£9,250
per year
EU
£9,250
per year
Northern Ireland
£9,250
per year
Scotland
£9,250
per year
Wales
£9,250
per year

The Uni


Course location:

Holloway

Department:

Politics and International Relations

TEF rating:

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What students say


We've crunched the numbers to see if overall student satisfaction here is high, medium or low compared to students studying this subject(s) at other universities.

67%
low
Social policy
77%
med
Political sociology

How do students rate their degree experience?

The stats below relate to the general subject area/s at this university, not this specific course. We show this where there isn’t enough data about the course, or where this is the most detailed info available to us.

Social policy

Teaching and learning

69%
Staff make the subject interesting
71%
Staff are good at explaining things
77%
Ideas and concepts are explored in-depth
81%
Opportunities to apply what I've learned

Assessment and feedback

Feedback on work has been timely
Feedback on work has been helpful
Staff are contactable when needed
Good advice available when making study choices

Resources and organisation

78%
Library resources
85%
IT resources
77%
Course specific equipment and facilities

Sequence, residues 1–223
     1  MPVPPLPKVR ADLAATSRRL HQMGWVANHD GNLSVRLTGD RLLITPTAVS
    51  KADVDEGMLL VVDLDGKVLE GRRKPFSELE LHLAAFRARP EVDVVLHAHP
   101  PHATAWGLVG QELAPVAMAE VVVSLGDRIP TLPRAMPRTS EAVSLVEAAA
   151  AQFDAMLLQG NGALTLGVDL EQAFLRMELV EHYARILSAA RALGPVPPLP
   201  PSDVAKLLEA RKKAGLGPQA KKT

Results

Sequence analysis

50%
Course is well organised and has run smoothly

Student voice

Staff value students' opinions

Sociology

Teaching and learning

81%
Staff make the subject interesting
87%
Staff are good at explaining things
82%
Ideas and concepts are explored in-depth
84%
Opportunities to apply what I've learned

Assessment and feedback

Feedback on work has been timely
Feedback on work has been helpful
Staff are contactable when needed
Good advice available when making study choices

Resources and organisation

81%
Library resources
82%
IT resources
75%
Course specific equipment and facilities
70%
Course is well organised and has run smoothly

Student voice

Staff value students' opinions

After graduation


We don't have more detailed stats to show you in relation to this subject area at this university but read about typical employment outcomes and prospects for graduates of this subject below.

What about your long term prospects?